SHARKEY COUNTY, Mississippi (WJTV) — The Delta’s most important exports have historically been cotton, soybeans, corn and blues music. The most famous blues makers have their markers all over the Delta to let you know where they were born and where they lived when they left for Memphis or Chicago.
Behind them, they left their muse. The flat, warm Delta full of small hub towns where you can grab a Co-Cola and a bag of chips for lunch. The tiny hamlet, usually near a creek or bayou, has been cleared, planted and tended as if life depended on it, because it does. A good harvest year benefits everyone, from the banker to the car dealership to the potato chip sellers to the convenience store.
The last day of summer in the Delta is much like it has been since mid-May and will continue perhaps a week or so after the Mississippi State Fair. it’s hot.
The distance joins in a dreamy dance of shimmering reality bending and blending the horizon with the sky, the road and the tree line with water that is not there.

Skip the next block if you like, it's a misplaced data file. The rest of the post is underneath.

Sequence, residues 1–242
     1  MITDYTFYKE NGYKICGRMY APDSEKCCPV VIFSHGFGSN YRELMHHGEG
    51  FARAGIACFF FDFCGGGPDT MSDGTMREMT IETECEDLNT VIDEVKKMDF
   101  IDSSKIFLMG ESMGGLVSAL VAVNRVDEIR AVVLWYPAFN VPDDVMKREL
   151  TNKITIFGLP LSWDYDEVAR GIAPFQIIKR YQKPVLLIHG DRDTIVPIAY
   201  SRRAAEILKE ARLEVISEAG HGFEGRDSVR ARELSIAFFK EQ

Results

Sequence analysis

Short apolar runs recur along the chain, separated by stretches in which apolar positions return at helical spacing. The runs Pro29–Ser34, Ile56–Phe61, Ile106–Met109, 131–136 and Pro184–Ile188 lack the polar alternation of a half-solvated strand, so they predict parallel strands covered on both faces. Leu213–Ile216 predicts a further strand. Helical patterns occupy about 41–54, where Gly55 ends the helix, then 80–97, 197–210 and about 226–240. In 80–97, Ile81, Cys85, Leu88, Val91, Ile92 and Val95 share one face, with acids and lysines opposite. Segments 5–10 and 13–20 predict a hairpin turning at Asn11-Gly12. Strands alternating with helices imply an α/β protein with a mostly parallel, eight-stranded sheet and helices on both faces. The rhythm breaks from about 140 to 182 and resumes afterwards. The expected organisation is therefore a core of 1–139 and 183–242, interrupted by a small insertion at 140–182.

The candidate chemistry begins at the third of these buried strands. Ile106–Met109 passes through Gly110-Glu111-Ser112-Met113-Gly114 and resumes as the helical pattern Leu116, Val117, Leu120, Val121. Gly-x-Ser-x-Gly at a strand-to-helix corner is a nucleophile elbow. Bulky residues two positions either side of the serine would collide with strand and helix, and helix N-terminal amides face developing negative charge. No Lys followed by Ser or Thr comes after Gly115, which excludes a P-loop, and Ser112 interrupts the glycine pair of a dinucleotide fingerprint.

There is also a dance that the clouds do with the rows of corn. It’s too slow to see in real time, like the rest of life. You can’t really tell what’s going on in real time. Only when you look back and speed it up can you pull off the patterns. Speed up and you’ll know exactly where you went wrong.
Speed things up here and see. Light and shadow. The sky teases the earth. Now you see it, now you don’t. Watching the clouds wash over the delta on a hot day is a dreamer’s paradise.
On the last day of summer, there is not too much time left for daydreaming. The cotton is already harvested somewhere. Forage corn will soon be cut and soybeans will be combined day and night if needed. The land that changes so slowly and so little from summer to fall will look completely different when fall turns into winter.